Around 8,000 migrants a year from Bulgaria could come to the UK when EU restrictions on their movement end, the country's ambassador has said.
Konstantin Dimitrov told Channel 5 News Bulgarians could not legally be denied access to labour markets once controls were lifted in January.
The UK government has not revealed how many migrants it expects to come.
Pressure group MigrationWatch UK expects 50,000 people to come from the two countries each year for five years.
Restrictions on migration from Bulgaria and Romania are set to end in 2014.
Asked about how many Bulgarian migrants the UK could expect, Mr Dimitrov said: "Maybe 8,000 immigrants a year judging on tendency for this year."
The ambassador denied his government was encouraging people to seek work abroad, saying his country was hurt by the "brain drain" of qualified doctors and nurses, financiers and entrepreneurs.
'Within the law'
He also rejected the idea they were "stealing" the jobs of people in the countries which they migrated to.
"If you are member of the EU there is a competition of all job offers at stake. It's a matter of skills, motivation of people and everyone should compete for jobs offers on an equal basis if every applicant is a citizen of a member of the EU," he said.
Earlier, Downing Street confirmed it was considering extending the time that EU migrants needed to have spent in the UK before they could qualify to receive benefits.
It came after reports Prime Minister David Cameron wanted to quadruple the period from three months to a year.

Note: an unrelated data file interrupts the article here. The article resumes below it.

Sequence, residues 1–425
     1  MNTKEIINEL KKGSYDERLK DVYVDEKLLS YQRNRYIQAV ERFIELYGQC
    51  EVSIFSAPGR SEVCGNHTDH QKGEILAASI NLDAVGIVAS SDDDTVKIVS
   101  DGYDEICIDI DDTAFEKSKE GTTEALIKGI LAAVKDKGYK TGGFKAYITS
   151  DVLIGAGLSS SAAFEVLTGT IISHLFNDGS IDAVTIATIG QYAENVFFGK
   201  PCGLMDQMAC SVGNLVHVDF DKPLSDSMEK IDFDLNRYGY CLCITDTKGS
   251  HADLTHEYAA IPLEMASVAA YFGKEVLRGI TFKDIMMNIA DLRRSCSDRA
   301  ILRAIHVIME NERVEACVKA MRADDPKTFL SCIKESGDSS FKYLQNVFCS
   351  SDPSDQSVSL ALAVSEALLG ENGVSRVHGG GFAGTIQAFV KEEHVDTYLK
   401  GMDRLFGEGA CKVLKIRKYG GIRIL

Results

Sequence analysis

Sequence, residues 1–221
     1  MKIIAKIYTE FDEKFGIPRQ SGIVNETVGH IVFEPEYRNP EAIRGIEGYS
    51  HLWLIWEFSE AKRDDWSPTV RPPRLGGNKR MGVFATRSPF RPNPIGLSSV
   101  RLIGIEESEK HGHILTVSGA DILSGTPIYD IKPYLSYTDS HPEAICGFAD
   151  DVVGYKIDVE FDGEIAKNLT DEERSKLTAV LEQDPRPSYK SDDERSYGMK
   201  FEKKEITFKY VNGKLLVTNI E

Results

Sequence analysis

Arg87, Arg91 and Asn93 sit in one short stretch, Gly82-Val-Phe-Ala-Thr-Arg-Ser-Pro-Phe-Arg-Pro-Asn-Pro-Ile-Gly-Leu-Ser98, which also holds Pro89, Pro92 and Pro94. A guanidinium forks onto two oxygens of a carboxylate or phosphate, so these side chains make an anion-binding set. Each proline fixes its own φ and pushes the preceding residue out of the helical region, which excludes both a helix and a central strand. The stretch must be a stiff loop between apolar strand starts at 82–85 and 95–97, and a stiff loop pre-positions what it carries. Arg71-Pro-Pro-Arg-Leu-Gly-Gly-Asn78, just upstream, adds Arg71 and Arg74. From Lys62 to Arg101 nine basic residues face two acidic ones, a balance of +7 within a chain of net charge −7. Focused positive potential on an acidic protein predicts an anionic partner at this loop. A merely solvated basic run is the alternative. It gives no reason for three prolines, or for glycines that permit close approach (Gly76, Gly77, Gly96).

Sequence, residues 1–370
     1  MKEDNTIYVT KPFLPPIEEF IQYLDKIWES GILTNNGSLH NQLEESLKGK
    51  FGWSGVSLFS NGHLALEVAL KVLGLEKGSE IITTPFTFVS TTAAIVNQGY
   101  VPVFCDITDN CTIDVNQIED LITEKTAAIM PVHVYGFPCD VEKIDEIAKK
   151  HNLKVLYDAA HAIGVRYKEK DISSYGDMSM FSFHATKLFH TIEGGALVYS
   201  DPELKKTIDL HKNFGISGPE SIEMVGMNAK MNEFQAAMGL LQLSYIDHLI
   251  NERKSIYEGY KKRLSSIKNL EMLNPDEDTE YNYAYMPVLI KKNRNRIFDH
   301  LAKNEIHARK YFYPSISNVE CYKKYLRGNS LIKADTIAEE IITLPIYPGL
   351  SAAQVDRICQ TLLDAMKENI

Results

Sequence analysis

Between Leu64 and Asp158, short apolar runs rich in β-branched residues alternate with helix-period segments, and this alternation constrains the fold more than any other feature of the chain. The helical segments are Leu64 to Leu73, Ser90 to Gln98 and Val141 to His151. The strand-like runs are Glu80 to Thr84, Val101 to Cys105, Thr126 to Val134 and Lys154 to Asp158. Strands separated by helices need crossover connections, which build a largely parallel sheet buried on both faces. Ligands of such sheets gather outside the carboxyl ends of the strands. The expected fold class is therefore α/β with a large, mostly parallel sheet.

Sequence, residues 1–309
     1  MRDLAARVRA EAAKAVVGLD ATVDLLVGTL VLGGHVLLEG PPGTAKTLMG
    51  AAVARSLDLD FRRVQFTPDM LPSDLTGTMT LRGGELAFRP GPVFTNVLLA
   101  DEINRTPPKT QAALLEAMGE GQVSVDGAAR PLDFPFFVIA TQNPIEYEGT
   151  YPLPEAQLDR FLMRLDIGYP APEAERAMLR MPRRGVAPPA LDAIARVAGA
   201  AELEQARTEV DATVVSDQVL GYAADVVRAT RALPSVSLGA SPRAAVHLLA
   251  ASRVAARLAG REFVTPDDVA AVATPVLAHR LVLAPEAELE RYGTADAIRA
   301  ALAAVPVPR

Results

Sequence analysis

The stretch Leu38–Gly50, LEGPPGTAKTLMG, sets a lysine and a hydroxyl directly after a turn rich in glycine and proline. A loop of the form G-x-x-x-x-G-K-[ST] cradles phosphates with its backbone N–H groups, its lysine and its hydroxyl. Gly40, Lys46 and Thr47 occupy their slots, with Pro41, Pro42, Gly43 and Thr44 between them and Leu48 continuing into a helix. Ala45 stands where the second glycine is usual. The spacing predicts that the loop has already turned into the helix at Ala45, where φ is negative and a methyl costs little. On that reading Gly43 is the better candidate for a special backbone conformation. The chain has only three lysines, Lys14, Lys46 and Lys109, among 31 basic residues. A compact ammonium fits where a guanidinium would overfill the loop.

Mr Cameron's official spokesman said the government was looking at whether "more could be done" but he said he could not "speculate about possible timings or measures".
He also dismissed reports the prime minister was ready to defy EU rules - which prevent member states from discriminating between their own citizens and those from other EU members - in order to impose tougher conditions.
"The government acts within the law," he said.
On Sunday, Education Secretary Michael Gove said Mr Cameron had "struck exactly the right note on migration".
Lib Dem MP and Scottish Secretary Alistair Carmichael warned any change in the UK's approach should be discussed in Europe.
A recent European Commission study found that jobless EU migrants made up a very small share of those claiming social benefits in EU member states.
In most of the EU countries studied the portion of EU migrants among welfare beneficiaries was below 5%.